An example of generalize is to give an overview of a law or rule without giving the specifics.
transitive verb-·ized·, -·iz·ing
- to state in terms of a general law or precept
- to infer or derive (a general law or precept) from (particular instances)
- to emphasize the general character rather than specific details of
- to cause to be widely known or used; popularize
Origin of generalizeMiddle English generalisen
- to formulate general principles or inferences from particulars
- to talk in generalities
- to become general or spread throughout a body or area
verbgen·er·al·ized, gen·er·al·iz·ing, gen·er·al·iz·es
- a. To reduce to a general form, class, or law.b. To render indefinite or unspecific.
- a. To infer from many particulars.b. To draw inferences or a general conclusion from.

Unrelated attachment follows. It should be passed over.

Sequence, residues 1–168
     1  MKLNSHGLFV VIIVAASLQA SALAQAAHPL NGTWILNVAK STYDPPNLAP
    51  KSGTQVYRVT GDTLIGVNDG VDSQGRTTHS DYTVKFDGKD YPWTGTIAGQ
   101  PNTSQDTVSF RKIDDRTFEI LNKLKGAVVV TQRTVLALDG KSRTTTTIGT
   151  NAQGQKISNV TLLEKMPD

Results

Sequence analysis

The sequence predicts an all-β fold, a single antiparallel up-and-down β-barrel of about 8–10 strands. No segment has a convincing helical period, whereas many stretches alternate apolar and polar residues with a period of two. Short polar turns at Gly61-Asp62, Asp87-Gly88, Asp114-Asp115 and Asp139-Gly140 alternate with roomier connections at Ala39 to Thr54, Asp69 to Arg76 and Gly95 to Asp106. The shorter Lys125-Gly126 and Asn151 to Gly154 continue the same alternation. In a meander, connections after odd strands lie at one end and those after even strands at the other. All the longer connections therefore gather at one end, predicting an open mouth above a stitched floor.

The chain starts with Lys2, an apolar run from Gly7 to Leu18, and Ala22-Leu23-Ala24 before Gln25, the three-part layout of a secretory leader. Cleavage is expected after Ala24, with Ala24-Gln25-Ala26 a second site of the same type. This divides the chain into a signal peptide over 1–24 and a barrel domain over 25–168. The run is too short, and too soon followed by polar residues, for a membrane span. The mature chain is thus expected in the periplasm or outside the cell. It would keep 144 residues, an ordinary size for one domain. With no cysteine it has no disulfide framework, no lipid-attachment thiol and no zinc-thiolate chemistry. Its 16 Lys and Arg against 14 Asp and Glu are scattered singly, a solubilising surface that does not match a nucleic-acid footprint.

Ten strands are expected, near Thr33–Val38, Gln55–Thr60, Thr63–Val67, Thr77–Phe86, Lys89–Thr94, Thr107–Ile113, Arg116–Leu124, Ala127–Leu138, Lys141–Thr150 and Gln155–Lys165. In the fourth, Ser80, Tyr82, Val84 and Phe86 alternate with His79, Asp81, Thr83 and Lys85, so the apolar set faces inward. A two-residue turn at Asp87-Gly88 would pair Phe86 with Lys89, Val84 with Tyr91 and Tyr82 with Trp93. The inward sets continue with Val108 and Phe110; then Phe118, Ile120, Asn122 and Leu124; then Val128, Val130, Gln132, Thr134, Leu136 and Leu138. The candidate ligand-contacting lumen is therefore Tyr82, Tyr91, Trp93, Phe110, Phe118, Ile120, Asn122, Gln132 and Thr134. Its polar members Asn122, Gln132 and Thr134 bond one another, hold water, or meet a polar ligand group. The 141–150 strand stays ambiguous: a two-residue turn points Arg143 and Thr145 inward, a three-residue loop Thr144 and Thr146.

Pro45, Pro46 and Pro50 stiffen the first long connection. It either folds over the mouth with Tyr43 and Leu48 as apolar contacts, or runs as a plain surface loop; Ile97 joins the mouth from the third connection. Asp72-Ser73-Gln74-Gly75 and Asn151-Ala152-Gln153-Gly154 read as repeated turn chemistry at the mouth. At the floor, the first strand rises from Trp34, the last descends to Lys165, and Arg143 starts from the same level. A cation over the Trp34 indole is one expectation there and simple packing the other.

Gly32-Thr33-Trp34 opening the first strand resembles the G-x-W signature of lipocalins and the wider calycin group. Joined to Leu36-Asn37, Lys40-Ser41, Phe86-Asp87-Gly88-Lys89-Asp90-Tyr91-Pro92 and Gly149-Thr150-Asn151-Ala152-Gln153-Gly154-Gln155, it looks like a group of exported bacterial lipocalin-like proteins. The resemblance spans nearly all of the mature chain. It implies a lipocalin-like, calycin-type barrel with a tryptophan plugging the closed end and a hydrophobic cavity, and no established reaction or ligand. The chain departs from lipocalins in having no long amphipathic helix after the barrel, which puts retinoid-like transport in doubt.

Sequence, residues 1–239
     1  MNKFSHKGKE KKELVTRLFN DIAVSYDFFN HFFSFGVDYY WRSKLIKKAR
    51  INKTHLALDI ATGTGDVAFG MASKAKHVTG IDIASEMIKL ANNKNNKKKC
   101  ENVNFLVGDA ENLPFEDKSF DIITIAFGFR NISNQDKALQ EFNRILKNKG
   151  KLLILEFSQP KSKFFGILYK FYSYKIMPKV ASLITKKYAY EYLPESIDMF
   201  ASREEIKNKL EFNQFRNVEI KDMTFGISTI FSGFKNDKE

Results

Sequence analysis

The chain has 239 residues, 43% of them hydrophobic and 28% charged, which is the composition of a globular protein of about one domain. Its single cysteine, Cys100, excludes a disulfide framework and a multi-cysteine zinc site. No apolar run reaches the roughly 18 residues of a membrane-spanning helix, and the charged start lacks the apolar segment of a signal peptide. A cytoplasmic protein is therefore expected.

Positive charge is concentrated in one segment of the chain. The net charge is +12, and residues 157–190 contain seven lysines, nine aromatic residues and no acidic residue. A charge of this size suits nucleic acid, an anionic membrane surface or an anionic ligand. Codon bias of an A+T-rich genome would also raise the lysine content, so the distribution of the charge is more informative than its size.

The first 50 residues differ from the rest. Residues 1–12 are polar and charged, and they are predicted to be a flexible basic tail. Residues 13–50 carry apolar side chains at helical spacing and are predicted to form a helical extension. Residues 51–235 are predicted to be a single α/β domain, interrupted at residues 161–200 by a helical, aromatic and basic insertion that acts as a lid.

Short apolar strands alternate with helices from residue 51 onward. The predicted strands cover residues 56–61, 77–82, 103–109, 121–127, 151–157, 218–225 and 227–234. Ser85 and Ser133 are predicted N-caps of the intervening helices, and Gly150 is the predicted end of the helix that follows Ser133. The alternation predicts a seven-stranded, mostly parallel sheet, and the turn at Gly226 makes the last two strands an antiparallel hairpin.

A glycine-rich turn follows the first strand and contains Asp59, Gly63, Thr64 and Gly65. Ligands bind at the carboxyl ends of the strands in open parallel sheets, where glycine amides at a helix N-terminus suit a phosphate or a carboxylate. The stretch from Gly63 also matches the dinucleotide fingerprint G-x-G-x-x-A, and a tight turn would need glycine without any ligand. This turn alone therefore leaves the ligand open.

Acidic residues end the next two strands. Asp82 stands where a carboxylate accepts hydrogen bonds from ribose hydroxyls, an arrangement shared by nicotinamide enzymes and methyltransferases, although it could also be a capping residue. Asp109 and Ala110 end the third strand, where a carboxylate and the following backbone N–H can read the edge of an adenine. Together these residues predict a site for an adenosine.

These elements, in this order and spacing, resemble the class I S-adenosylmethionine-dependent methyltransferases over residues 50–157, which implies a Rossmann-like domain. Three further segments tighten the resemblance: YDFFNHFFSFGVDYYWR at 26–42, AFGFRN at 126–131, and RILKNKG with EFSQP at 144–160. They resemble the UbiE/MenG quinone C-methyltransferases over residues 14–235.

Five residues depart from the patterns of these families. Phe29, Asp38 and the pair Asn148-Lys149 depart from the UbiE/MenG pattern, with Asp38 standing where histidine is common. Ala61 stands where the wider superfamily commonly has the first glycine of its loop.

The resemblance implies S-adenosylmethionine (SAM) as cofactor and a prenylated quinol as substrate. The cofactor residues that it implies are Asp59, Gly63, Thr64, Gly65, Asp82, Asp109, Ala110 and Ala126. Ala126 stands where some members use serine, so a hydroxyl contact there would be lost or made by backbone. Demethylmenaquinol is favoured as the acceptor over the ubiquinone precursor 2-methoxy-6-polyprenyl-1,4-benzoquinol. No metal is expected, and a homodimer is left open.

- a. To make generally or universally applicable.b. To popularize.
- a. To form a concept inductively.b. To form general notions or conclusions.
- To deal in generalities; speak or write vaguely.
- Medicine To spread through the body. Used of a usually localized disease.
(third-person singular simple present generalizes, present participle generalizing, simple past and past participle generalized)
general + -ize